Core of Rosslyn Transportation Study


Rosslyn, Arlington, VA 22209  View Map

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After two years of thorough analysis and public engagement, County staff finalized the study’s Preferred Alternative. This alternative lays out a set of projects to be built by 2030 that will move Rosslyn closer to the transportation vision outlined in the Sector Plan.

The study's final report describes the project process, the alternatives considered, and a prioritized implementation plan for proposed projects.

County staff will continue to engage with the community on each project in the Preferred Alternative as they move forward. Each new project will have its own webpage for community reference. Continue to check this study page for updates.

The first project to be implemented is the Dark Star Slip Lane Closure and Park Expansion Project.

About the Project

In 2015 the County Board adopted a Rosslyn Sector Plan that included a multimodal transportation vision set forth by the community. In 2017 the County’s Transportation Division, in partnership with the Rosslyn Business Improvement District (BID), started the Core of Rosslyn Transportation Study to assess the feasibility and potential impacts, through 2030, of the proposed Sector Plan changes to the Rosslyn transportation network.

Collaboration between the County and the BID also included short-term roadway enhancements to improve safety and circulation using low-cost, quick-build strategies.

Core of Rosslyn Transportation Study

This study examined the feasibility and potential impacts of permanent changes to the street network in the core of Rosslyn, with the goals of improving safety and accessibility for all users – those walking, biking, using transit and driving.

The study’s goals included:

  • Evaluating multimodal design concepts (Concept 1 then Concept 2)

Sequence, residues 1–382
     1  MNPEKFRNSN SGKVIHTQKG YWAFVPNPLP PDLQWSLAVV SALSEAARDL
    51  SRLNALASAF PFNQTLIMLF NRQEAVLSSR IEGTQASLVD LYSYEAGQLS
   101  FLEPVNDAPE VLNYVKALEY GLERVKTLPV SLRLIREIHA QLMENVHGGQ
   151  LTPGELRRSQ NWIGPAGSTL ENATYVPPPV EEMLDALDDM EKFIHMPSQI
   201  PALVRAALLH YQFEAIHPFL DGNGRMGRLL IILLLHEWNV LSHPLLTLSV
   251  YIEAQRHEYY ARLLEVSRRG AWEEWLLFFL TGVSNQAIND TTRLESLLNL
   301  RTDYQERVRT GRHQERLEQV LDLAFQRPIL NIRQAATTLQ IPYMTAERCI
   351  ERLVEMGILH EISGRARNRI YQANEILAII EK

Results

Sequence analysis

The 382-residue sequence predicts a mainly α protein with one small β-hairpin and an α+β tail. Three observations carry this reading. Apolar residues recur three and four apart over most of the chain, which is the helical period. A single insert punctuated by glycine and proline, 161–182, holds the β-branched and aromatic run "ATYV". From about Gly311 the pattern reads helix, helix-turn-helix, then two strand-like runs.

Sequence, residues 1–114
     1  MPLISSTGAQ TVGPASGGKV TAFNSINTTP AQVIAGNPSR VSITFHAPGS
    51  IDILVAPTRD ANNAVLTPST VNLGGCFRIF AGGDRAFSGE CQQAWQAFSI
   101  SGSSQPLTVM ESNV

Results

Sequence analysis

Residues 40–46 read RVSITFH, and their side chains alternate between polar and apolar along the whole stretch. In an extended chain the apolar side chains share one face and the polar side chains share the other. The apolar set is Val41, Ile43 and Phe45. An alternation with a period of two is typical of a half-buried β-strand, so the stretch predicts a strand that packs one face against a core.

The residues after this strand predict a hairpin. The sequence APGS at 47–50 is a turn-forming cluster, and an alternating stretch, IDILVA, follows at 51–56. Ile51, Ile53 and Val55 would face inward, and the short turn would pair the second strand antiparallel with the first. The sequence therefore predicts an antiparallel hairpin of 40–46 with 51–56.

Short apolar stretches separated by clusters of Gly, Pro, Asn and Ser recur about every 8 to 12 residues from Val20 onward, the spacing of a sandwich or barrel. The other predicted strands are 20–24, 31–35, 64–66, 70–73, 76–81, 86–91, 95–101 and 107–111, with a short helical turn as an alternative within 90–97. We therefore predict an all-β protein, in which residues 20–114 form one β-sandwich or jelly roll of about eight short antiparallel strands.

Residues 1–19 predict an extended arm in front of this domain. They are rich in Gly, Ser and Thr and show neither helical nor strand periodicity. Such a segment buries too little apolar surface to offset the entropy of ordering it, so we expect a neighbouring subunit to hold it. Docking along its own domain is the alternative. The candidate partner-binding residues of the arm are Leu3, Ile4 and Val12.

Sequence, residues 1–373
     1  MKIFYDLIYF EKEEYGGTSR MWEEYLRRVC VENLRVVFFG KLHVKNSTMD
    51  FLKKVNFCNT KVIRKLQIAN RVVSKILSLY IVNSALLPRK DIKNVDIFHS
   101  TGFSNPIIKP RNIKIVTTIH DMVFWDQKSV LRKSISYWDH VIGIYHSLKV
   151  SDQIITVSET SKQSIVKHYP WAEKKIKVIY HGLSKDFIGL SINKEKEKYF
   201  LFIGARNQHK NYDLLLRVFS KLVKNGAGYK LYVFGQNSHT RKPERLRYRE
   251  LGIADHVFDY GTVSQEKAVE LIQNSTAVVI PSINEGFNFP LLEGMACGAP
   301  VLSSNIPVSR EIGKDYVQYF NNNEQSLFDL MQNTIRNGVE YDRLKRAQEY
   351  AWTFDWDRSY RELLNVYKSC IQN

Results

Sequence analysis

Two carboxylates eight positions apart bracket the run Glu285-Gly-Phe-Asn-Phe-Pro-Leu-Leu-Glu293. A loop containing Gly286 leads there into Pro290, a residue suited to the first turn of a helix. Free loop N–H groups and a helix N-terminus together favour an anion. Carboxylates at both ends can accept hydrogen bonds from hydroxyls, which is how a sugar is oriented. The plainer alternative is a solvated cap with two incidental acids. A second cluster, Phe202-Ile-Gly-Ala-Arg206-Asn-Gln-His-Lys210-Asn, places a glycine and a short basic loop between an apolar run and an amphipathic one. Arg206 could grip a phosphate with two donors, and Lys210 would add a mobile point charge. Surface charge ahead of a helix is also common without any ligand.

• Measuring how each concept achieves the Sector Plan goals
  • Engaging the public and stakeholders
  • Adopting a 2030 Preferred Alternative concept composed of individual projects that will move through the County’s design process
  • Sequencing those projects to create a fluid network transition into 2030
  • Identifying improvements that go beyond 2030 to continue realizing the Rosslyn Sector Plan in the future

Study Milestones

  • October 2017 project kick-off: Project scoping, data collection, existing conditions analysis.
  • April 2018 public meeting: Review of existing conditions and assumptions for 2030 redevelopment and infrastructure forecasts.
  • October 2018 public meeting: Discuss pros and cons of Concept 1 – an alternative including all of the infrastructure changes listed in the Sector Plan based on what could be realistically built by 2030.
  • March 2019 public meeting: Discuss pros and cons of Concept 2 – an alternative that incorporates public feedback and lessons learned from Concept 1.
  • June 2019 public meeting: Review and discuss the Preferred Alternative and implementation.
  • Summer 2019: Final Preferred Alternative and supporting documentation available online.
  • Fall-Winter 2019: Integration of Preferred Alternative projects into the County budgeting process.
  • 2020 and Onward: Implementation of projects.

Study Final Documents

Preferred Alternative

In June 2019 the project team arrived at a Preferred Alternative that was provided to the community for review and comment. The Preferred Alternative applies lessons learned and public input from Concepts 1 and 2 to better balance multimodal operations.

View the Preferred Alternative map

The Preferred Alternative includes the following major projects, which stem directly from the Rosslyn Sector Plan, to be constructed during the next 10 years:

  • Removal of the Fort Myer Drive Tunnel to increase pedestrian crossing options (access to Metro) over Fort Myer Drive and to help reduce vehicle speeds in the Rosslyn urban core.
  • Incremental conversion of Fort Myer Drive to a two-way street once the tunnel is closed.